Portrait of Admiral Boscawen by Allan Ramsay, £30,000 at Dreweatts.

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Although the potential best-seller at the January 31 auction in Newbury, a Francis Cotes (1726-70) portrait of Mrs William Colhoun of Wretham, was unsold against a £60,000-100,000 estimate, a work by Allan Ramsay (1713-84) from the other source ended up leading the pictures on offer.

It came as part of a ‘long hidden family collection’ comprising 176 lots which had been removed from a Georgian townhouse in Wimpole Street in Marylebone, London.

The consignment also provided the set of six George III giltwood side chairs made by Thomas Chippendale for Brocket Hall that sold for £95,000 (see Front page and Pick of the week, ATG No 2629).

Indeed, many of the works were originally aristocratic commissions.

The Ramsay portrait depicting the naval hero Admiral Boscawen (pictured top) was painted for the 5th Duke of Beaufort.

The 2ft 9in x 2ft 1in (85 x 62cm) oil on canvas from 1758 had been kept at Badminton House until it was sold at Sotheby’s in 1992. A full-length version, which includes a French flag and maritime fortifications in the background, was also commissioned by the family and kept at Badminton House.

The catalogue stated how the ‘elegant portrait possesses all of the grace and naturalness of Ramsay’s work, employing many of the distinctive techniques he had developed over his career’ including the use of short feathery brushstrokes concentrated in the lighter areas.

In terms of the condition, the painting had certainly had some retouching although its extent was difficult to assess due to a thick varnish.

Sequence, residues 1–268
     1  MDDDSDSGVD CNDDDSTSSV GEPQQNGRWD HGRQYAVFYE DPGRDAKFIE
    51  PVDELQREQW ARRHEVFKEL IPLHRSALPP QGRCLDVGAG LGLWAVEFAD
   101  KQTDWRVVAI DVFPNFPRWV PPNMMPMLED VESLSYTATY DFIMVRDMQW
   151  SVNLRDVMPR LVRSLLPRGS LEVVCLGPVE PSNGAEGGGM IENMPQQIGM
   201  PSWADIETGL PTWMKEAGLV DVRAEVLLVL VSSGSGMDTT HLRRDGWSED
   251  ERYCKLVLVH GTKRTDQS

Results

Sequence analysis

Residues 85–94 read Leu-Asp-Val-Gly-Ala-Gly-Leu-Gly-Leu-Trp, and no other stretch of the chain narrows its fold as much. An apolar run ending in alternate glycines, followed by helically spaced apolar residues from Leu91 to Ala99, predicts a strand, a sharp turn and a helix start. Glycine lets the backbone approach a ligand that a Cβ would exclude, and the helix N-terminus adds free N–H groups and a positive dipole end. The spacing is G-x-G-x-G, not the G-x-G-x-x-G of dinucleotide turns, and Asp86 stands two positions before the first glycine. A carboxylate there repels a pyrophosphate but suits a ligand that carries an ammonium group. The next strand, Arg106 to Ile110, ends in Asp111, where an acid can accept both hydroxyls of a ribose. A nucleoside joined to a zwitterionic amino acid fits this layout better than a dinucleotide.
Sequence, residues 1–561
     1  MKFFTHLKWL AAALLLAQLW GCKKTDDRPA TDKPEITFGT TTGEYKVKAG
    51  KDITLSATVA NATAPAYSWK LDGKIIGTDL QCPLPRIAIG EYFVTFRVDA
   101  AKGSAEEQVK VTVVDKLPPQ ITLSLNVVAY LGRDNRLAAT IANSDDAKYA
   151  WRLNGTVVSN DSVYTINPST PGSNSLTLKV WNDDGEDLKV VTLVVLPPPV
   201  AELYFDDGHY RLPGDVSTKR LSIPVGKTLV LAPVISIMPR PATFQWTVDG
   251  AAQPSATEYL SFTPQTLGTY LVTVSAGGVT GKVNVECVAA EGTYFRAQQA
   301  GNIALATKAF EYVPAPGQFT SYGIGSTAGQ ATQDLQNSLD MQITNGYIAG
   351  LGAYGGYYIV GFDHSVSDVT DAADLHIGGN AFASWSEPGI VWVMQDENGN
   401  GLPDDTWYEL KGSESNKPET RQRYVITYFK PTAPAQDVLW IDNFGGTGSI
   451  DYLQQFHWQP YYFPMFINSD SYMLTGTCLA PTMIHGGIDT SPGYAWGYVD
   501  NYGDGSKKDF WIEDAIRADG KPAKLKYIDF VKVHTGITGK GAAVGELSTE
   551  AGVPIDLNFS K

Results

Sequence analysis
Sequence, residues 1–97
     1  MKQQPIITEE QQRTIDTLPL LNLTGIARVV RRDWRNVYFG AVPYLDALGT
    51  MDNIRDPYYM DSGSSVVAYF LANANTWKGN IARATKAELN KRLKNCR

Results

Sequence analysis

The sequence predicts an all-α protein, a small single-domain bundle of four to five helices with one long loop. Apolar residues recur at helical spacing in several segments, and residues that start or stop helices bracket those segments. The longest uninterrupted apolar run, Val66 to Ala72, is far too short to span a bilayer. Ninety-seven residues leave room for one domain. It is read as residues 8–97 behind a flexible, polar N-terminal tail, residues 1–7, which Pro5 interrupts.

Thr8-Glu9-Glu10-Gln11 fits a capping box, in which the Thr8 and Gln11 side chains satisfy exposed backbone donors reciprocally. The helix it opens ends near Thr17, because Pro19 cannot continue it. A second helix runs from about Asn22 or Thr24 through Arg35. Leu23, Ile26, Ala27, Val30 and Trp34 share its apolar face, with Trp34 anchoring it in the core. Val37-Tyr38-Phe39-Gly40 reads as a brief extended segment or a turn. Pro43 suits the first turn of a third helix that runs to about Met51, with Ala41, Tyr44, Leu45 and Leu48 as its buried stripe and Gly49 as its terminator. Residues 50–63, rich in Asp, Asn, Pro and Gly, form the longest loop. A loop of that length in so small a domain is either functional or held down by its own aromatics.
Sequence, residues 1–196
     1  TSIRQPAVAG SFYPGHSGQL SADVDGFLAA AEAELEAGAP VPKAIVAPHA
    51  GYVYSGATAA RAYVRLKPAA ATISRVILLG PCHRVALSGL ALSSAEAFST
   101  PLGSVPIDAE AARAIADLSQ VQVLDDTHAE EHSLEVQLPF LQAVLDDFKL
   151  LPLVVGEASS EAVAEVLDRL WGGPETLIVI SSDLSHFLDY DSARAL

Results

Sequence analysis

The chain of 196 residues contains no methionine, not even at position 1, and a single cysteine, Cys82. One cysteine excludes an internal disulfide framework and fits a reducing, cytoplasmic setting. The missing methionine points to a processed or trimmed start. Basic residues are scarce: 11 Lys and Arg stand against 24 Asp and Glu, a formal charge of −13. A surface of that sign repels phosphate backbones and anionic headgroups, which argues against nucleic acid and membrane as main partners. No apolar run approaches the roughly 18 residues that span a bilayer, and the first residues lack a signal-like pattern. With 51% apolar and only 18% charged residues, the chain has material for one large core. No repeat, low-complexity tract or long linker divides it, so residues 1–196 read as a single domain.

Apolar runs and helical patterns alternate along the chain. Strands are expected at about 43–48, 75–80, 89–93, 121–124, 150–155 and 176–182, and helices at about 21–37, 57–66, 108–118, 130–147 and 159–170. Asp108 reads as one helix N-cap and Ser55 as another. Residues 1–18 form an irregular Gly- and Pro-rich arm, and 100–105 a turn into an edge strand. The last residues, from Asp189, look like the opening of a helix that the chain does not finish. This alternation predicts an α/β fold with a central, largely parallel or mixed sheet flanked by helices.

Nevertheless, the £15,000-25,000 estimate did not seem excessive to a number of parties who considered it decent value for a work by the leading Scottish portraitist depicting an important naval figure who became Lord of the Admiralty.

It sold at £30,000 - a solid sum for a portrait of a male figure in this kind of condition.

Man’s best friend


Portrait of a gentleman with a dog by Nicolaes Maes, £28,000 at Dreweatts.

The other collection featured at the auction was the 149 lots from Cairness House, a Neo-classical estate in Aberdeenshire which was purchased in 2000 by the vendors who undertook an immense restoration project.

As well as providing the Francis Cotes that was unsold, the consignment included a portrait of a gentleman with a dog by Dutch painter Nicolaes Maes (1634-93).

Like many of Maes’ portraits, the 3ft 5in x 2ft 7in (1.04m x 78cm) oil on canvas probably depicted a member of the Amsterdam political and mercantile elite. It shows the figure in one of the artist’s preferred poses, leaning against a tree and holding a bow in his right hand with his mastiff at his feet.

Again, it had heavy varnish (as well as a repaired tear) but attracted interest against a £10,000-15,000 pitch, selling at £28,000.